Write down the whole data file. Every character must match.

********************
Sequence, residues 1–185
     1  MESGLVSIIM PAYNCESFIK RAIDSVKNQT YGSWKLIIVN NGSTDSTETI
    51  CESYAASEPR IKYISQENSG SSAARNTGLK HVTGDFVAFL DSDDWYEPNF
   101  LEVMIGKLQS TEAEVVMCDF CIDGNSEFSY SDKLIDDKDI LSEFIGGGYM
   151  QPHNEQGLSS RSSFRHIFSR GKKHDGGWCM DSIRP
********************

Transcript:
Sequence, residues 1–185
     1  MESGLVSIIM PAYNCESFIK RAIDSVKNQT YGSWKLIIVN NGSTDSTETI
    51  CESYAASEPR IKYISQENSG SSAARNTGLK HVTGDFVAFL DSDDWYEPNF
   101  LEVMIGKLQS TEAEVVMCDF CIDGNSEFSY SDKLIDDKDI LSEFIGGGYM
   151  QPHNEQGLSS RSSFRHIFSR GKKHDGGWCM DSIRP